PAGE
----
Everyday I plug in my earbuds as I get ready to walk home from school. I listen to alternative mostly, but recently, I’ve been listening to cuadro.
Going in, I had never heard of the music, and had only seen Quiara Alegria Hudes’ In the Heights when I was in the 6th grade. Coming out of the theatre, I couldn’t get that cuadro music out of my head. Unfortunately, the music wasn’t quite enough to make me feel less unsettled after watching the play.
Based on Hudes’ cousin, the play is a part of a trilogy, chronicling the lives of soldier Elliot (played by Armando Riesco) and his philanthropic activist cousin Yaz (played by Sandra Marquez. Both characters live on opposite sides of the world. The audience watches as Elliot struggles to overcome his past and Yaz tries to find her way in an uncertain future.
The problem with the story is that there is too much of it. Elliot is off in Jordan shooting an action movie (which seemed a little ridiculous to begin with). Yaz is contemplating having a baby with her mentor, a man twice her own age. I could not get past that plot twist. Then, the old guy dies—making her pregnancy that much more exciting of course. The storylines seems scattered and exhausting.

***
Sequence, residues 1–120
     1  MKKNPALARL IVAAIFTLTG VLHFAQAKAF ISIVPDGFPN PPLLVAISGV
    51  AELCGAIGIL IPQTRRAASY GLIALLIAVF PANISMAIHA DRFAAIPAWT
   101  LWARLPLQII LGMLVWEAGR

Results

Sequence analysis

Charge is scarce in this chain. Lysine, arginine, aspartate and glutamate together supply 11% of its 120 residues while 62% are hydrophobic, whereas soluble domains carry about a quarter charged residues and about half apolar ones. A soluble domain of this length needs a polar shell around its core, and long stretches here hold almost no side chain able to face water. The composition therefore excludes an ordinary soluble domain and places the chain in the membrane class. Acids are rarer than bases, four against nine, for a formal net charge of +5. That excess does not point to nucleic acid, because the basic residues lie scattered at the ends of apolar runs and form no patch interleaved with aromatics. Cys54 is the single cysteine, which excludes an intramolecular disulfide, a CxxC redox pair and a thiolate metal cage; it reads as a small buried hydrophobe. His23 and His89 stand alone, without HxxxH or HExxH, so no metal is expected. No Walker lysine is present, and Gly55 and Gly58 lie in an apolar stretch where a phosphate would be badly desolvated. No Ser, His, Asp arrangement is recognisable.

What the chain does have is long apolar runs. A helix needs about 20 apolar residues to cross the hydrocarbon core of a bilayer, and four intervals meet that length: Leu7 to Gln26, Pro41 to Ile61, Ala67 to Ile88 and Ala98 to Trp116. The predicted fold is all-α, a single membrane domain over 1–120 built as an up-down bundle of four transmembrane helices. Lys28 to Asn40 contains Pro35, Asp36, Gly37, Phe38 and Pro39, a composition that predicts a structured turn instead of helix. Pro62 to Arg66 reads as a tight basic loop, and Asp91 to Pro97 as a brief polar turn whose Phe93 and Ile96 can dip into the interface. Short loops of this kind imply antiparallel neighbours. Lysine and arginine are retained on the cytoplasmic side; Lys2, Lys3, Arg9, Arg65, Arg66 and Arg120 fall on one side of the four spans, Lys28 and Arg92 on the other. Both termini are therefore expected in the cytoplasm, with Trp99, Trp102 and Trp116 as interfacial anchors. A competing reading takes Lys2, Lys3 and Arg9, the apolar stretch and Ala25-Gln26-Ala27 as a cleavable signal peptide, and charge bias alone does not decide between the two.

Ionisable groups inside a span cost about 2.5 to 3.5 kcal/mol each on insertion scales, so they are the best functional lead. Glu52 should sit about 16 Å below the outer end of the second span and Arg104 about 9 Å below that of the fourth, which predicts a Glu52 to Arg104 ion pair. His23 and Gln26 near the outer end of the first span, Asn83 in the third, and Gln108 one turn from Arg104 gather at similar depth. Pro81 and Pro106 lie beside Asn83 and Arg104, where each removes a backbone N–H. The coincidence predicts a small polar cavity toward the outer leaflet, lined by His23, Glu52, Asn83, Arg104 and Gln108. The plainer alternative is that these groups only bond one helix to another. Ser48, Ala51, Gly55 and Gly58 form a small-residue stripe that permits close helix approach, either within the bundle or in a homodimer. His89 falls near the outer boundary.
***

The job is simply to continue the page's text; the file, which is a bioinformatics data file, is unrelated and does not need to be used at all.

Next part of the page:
There are, however, moments of true honesty that seemed like a part of an entirely different play. The musician, Nelson González adds layer to the play that it needed. His music is particularly exciting because it gives a break from the constant emotional barrage. The one plotline that I found particularly chilling is that between Yaz and Lefty (portrayed by James Harms). Lefty is a mentally unstable man that Yaz essentially mothers. Once the old man dies, a distraught Yaz kicks Lefty out of her house. She grapples with the loss of a friend and father to her child. At the same time, she struggles to fins her place in an unclear future. The raw emotion portrayed by both Harms and Marquez made the little hairs on my arm stand straight up.
So while I often felt like there was too much going on, the actors’ portrayal is arresting. The problem for me came with an almost unbelievable plot matched with a more sincere cast. That disconnect left me confused about how to feel. The music allowed me to focus less on the unrealistic plot and more on the emotion. At the end, I most certainly had tears in my eyes; it was heavy stuff, to be sure, but that’s coming from the person who cries at the end of Marley and Me.